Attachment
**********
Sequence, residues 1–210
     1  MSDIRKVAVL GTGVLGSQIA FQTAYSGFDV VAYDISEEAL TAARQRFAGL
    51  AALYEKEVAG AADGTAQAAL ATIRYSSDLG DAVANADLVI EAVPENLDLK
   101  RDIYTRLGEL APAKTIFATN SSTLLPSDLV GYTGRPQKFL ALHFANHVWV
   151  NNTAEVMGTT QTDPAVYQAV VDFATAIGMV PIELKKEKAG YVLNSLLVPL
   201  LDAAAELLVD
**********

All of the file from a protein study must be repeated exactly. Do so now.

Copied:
Sequence, residues 1–210
     1  MSDIRKVAVL GTGVLGSQIA FQTAYSGFDV VAYDISEEAL TAARQRFAGL
    51  AALYEKEVAG AADGTAQAAL ATIRYSSDLG DAVANADLVI EAVPENLDLK
   101  RDIYTRLGEL APAKTIFATN SSTLLPSDLV GYTGRPQKFL ALHFANHVWV
   151  NNTAEVMGTT QTDPAVYQAV VDFATAIGMV PIELKKEKAG YVLNSLLVPL
   201  LDAAAELLVD